Kavanaugh Still Standing After Senate Showdown
Christine Blasey Ford’s Senate testimony that she’s “100 percent” certain Brett Kavanaugh was the person who attacked her at a 1982 house party hasn't shaken President Donald Trump’s support for his Supreme Court nominee, as Republicans press ahead with his confirmation.
The Senate Judiciary Committee plans to vote this morning, following a nearly nine-hour hearing yesterday that degenerated into bitter partisanship. Kavanaugh’s defiant, argumentative behavior before the panel contrasted with the soft-spoken and admittedly “terrified” Ford, whose account even some Republicans described as credible.
Trump called for the Senate to confirm Kavanaugh — who repeatedly denied ever committing sexual misconduct — as soon as the hearing concluded, echoing the nominee's accusation that Democrats were on a “search-and-destroy” mission. The full Senate could vote early next week.
Regardless of the outcome, yesterday’s events seared into the American consciousness the gulf between women who’ve felt their misconduct claims have been minimized and conservative men aggrieved by a system they see as rigged against them.
Populism wins | Five Star and the League came out on top in their first big battle with the mainstream officials trying to put a brake on their spending ambitions in Italy. The populist coalition partners secured a 2019 deficit target of 2.4 percent yesterday after weeks of wrangling – three times the shortfall the previous administration projected. Italian bonds and stocks tanked.
Welcome back, Mr. President | A year after he accused Germans of using Nazi methods to stop election rallies by Turkish immigrants, Recep Tayyip Erdogan is meeting Chancellor Angela Merkel on a state visit in Berlin today. Hemmed in by U.S. pressure and an economic crisis, the Turkish leader is seeking to repair relations with Europe’s political figurehead, the latest sign of a global realignment as the world adjusts to Trump.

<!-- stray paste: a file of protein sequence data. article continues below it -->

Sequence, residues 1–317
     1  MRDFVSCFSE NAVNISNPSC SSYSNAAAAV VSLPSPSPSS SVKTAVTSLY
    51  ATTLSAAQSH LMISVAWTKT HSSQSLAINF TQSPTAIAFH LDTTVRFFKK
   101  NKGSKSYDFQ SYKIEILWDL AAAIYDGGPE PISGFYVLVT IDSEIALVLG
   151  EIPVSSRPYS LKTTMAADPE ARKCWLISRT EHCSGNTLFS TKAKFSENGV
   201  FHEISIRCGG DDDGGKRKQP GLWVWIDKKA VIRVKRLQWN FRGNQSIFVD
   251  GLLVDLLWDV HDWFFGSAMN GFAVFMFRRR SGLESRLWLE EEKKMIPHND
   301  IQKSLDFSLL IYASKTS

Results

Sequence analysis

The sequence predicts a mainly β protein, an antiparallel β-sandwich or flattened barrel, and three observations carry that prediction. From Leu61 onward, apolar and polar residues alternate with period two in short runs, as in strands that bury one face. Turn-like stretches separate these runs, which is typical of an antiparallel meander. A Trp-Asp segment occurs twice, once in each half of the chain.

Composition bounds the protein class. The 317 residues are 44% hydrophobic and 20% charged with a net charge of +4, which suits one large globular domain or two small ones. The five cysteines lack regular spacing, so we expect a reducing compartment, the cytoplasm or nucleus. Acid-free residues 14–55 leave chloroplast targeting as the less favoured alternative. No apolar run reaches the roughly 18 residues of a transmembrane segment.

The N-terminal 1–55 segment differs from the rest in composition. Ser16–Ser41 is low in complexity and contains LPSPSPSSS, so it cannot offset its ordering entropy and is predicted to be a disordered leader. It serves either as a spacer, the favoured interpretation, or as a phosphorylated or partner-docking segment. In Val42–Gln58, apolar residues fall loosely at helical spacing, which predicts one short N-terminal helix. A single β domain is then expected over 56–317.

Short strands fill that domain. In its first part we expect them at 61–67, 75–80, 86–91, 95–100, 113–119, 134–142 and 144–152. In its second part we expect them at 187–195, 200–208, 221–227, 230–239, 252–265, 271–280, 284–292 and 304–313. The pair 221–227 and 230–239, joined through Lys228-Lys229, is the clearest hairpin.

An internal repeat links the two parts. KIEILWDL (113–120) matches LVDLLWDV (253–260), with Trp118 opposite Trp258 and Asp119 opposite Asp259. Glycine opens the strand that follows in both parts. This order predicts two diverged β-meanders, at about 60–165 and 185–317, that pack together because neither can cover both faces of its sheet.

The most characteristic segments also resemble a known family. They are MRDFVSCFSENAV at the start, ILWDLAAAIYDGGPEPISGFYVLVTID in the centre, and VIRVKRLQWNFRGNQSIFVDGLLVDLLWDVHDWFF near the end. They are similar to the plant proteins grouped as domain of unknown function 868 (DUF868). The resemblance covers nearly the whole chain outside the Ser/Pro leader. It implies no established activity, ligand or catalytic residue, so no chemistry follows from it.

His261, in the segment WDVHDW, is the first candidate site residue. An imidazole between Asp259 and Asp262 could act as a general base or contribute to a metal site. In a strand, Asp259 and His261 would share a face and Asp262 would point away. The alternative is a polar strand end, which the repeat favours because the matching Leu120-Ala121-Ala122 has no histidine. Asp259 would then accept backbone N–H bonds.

Ramaphosa’s quandary | When Trump tweeted in August that South Africa was engaged in “the large scale killing” of white farmers to seize their land, the nation’s president, Cyril Ramaphosa, didn’t respond personally. As Sam Mkokeli writes, a fabricated accusation from the leader of the free world was the least of his problems. Ramaphosa must instead focus on market reforms that many in his badly fractured party detest.
Architect of a crackdown | If one person sums up the values gap between a rising China and the West, it may be Chen Quanguo. The most senior Communist Party official in the far western region of Xinjiang has orchestrated a crackdown against Muslim minority Uighurs, which the United Nations says has placed as many as 1 million of them in “re-education camps.” Some U.S. lawmakers want him sanctioned. But in China, Chen is a rising star.
Tory smackdown | The two biggest names in the governing Conservative Party square off again next week in a deepening rivalry shaping Britain, Tim Ross writes. Former Foreign Secretary Boris Johnson, in a 4,600-word essay in the Daily Telegraph today, attacked the government’s “disastrous” strategy for leaving the European Union in six months. Now Prime Minister Theresa May must find a response that can unite the Tories and see off the man who wants her job.
Below, sunset on a farm in Australia, which is enduring a devastating drought. To see more photos from our Political Focus slideshow, click here, and to play this week’s quiz, here.
And finally ... May’s attempt to leave New York quickly after her speech to the UN was sabotaged when the bus carrying some of her key staffers broke down en route to JFK airport. Separated from the official motorcade, and blocking two lanes of traffic, her aides had to suffer the indignity of her chief of staff taunting them on Twitter that the plane was about to leave without them. They were rescued by NYPD officers who rushed them to the runway — their reward was a chance to pose with a grateful prime minister.
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